It is very important that in the title of this piece, that the "veil" in reveiled be in italics. This word is meant to be "revealed," and is purposely misspelled to include the word veil. That is why those four letters must be italicized.
Wedding Traditions, Reveiled
Hi, I recently attended a wedding and was surprised to discover that you are not supposed to throw rice anymore. It has something to do with birds eating the rice and getting sick or dying, so now they are instead throwing birdseed. This change made me think of some of the other "old" customs that don't seem to be around anymore. I don't remember the name of it, but their used to be a custom where friends of the bride or groom would play tricks on the newlywed couples such as placing the groom in a wheel barrow and parading him up and down main street, or tying tin cans to the springs of their honeymoon bed, etc. I was wondering if any of your readers know the name of this custom. Also, I think it would be interesting to find out if any of your older readers have any funny stories they would share about things that happened to them when they got married.
I think what you were talking about was called a charivari . I remember my mother talking about having a charivari when she and my father were married back in the 1930’s. About all I remember was that late that night there were friends that came by and made all kinds of noise under their bedroom window.
How I wish that I had recorded, written or somehow saved the stories that she and my dad always told. Now it is too late and it’s one of my biggest regrets.
Thanks for you question. Although I could not find a name for the custom that you inquired about, the tricks played on newlyweds. I know that I have attended several wedding where that does happen, even if it is simply decorating the car. Hopefully some of our readers will have an answer for you, and perhaps stories of their own to share. I did however, appreciate your question and decide to do some research on old wedding customs.
The veil was symbolic of a woman’s sub ordinance to a man. In ancient times, a woman would be shrouded from head to toe, and in ancient Greece the veil was yellow and in Rome red. The man lifting the veil was also a display of dominance. This ties into the tradition of the father giving the bride away. In times not so long ago, it was literally so, sometimes even in bartering or for business purposes. In very old times, brides were sometimes taken by means of capture. This brought forth two other traditions. The honeymoon originated when an unwilling woman was taken captive and hidden for thirty days, as the moon went through its phases, ample time for her relatives not to find her. During that time, the couple would drink a brew made from honey. Hence, the term "honeymoon" came to be. Also, when women were taken captive, the man did not want the spirits of her family to follow, so she was carried across the threshold of the home upon her first entrance, and the spirits could not enter with her.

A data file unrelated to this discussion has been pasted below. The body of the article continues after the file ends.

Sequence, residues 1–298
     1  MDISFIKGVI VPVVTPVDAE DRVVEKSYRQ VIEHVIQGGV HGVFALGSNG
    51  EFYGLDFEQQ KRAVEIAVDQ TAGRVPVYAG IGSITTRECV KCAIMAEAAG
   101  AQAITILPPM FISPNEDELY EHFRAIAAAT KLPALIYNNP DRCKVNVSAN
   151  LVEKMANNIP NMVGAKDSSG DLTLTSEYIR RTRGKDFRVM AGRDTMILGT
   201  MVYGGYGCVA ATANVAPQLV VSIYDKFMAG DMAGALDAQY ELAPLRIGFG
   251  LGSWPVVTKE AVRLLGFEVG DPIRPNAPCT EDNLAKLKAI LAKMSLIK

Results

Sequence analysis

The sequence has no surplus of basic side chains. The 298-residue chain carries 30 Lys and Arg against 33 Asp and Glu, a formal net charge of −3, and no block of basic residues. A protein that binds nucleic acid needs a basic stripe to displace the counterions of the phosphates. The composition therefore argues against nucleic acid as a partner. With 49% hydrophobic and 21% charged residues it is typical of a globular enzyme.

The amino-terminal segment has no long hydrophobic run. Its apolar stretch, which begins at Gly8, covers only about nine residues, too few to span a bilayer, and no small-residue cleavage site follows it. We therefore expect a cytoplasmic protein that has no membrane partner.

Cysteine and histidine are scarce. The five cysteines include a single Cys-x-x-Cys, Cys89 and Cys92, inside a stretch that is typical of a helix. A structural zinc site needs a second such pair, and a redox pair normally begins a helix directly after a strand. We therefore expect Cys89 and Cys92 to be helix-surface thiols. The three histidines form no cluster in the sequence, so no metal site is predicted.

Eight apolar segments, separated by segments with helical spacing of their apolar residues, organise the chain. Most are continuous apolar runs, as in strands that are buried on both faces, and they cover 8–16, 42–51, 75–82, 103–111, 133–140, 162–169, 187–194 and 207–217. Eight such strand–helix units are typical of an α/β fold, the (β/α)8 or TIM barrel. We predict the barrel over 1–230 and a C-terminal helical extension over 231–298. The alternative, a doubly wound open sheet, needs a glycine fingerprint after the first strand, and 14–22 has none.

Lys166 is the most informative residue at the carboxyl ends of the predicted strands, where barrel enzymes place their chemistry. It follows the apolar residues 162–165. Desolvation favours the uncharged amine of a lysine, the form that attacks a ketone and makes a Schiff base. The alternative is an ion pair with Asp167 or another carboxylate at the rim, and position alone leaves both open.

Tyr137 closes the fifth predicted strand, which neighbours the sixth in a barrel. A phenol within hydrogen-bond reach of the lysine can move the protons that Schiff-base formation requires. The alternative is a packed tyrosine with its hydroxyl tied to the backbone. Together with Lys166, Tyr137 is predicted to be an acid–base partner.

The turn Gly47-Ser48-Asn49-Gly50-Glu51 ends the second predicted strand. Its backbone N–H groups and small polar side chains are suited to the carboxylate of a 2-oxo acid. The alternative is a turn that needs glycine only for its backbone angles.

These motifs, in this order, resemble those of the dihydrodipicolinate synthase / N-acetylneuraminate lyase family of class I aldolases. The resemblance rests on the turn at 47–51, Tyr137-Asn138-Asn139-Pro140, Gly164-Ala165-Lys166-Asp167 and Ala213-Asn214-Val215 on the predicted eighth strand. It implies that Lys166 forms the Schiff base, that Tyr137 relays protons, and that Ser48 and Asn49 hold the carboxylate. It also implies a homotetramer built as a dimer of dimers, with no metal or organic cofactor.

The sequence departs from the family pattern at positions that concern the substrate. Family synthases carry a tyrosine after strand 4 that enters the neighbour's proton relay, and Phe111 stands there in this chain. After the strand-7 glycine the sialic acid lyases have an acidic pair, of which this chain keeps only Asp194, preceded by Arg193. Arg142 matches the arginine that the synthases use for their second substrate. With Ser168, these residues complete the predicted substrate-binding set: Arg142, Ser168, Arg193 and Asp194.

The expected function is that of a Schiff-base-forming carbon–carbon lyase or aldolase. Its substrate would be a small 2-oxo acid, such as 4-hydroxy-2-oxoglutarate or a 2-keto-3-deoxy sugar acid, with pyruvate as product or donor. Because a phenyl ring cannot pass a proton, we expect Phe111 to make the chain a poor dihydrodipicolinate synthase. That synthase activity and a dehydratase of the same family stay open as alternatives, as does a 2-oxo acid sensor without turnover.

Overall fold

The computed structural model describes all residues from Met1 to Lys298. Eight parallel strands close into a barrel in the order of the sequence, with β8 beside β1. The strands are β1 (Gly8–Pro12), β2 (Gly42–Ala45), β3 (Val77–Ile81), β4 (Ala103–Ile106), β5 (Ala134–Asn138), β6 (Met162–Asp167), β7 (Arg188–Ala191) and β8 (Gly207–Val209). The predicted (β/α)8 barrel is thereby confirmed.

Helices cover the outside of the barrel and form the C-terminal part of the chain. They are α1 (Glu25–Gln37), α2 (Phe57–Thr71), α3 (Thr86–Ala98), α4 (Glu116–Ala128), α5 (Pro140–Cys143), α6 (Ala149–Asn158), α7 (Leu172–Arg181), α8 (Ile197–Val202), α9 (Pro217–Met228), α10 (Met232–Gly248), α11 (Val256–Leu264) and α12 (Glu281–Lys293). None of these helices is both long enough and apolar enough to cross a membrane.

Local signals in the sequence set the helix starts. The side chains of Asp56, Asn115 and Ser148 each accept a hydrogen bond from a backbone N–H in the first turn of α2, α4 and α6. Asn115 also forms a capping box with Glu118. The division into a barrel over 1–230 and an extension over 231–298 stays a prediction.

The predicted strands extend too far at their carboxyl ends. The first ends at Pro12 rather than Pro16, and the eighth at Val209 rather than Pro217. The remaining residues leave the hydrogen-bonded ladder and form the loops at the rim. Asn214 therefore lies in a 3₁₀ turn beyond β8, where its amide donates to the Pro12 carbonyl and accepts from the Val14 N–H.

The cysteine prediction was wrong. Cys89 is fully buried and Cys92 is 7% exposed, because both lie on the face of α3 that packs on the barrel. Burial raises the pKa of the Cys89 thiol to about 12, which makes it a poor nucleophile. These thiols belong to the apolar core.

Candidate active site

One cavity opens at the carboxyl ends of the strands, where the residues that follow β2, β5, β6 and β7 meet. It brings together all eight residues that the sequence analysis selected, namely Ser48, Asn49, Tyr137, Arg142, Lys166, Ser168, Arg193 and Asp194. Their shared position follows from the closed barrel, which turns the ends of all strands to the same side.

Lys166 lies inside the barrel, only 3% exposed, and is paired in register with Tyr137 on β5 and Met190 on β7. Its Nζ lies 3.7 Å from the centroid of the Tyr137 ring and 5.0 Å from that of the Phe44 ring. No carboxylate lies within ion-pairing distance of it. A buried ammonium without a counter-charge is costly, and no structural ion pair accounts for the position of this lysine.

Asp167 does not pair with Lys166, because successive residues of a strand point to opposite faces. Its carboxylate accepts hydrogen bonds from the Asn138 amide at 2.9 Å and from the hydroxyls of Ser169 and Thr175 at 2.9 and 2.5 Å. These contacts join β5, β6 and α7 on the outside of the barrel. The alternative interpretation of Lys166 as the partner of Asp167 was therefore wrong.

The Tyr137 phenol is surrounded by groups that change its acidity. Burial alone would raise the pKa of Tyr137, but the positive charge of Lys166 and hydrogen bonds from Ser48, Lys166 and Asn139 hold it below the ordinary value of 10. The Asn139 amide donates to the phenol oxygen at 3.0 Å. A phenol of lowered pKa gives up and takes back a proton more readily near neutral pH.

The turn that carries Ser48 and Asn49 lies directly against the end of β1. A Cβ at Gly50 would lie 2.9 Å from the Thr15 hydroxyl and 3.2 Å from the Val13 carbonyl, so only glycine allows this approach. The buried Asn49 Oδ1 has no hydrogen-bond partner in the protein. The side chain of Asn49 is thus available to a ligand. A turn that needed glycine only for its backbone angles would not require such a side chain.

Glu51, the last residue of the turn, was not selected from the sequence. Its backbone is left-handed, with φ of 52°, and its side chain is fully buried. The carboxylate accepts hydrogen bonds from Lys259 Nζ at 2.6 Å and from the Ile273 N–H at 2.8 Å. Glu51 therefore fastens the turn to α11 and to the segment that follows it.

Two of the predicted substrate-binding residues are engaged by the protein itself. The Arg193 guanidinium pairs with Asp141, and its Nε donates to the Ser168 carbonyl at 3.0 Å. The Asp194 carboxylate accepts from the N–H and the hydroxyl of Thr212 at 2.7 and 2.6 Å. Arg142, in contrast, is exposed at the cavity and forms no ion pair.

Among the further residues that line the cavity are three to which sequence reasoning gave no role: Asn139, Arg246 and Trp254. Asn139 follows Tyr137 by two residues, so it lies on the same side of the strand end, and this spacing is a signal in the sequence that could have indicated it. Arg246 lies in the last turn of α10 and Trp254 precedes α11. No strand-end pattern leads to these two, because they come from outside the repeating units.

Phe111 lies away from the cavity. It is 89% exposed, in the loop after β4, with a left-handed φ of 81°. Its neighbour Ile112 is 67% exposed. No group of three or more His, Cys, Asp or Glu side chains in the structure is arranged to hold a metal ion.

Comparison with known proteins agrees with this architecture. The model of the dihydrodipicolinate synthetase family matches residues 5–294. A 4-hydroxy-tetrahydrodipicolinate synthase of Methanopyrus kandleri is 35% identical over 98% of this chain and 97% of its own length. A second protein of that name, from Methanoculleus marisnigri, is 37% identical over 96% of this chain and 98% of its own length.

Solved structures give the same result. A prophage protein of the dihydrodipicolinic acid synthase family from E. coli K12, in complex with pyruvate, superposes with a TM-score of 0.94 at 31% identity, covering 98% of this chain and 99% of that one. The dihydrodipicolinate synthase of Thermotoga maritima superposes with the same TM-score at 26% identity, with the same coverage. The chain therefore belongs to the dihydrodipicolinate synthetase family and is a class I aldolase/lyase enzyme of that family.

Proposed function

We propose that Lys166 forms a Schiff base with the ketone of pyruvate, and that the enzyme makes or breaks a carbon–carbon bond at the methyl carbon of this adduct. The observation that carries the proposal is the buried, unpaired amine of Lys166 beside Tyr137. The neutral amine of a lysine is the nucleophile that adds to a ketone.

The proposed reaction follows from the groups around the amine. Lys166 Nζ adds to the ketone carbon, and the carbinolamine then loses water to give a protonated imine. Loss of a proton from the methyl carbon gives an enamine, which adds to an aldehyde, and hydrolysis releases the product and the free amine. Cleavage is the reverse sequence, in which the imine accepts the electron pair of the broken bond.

The purpose of the bouquet has more than one origin. In more primitive wedding ceremonies, to ward off demons the bride carried garlands of herbs and spices that bore an intense odor. It has also been said that around the 1500s brides began to carry fragrant flowers on their wedding day to smell nice, as people seldom bathed then. Of course in modern times, brides carry flowers for decorative purposes, to add beauty and elegance to the ceremony.
The rice thrown at weddings was for good luck and prosperity. In Asia, the wish was "May you always have a full pantry." The wedding cake was initially a wish for fertility, as in early Rome, a thin loaf was broken over the bride's head. During the middle ages, the bride and groom would kiss over a small bunch of cakes, which later a baker thought to group the cakes together and frost them, thus creating the wedding cake that we are accustomed to seeing today.
Thanks again for you question David!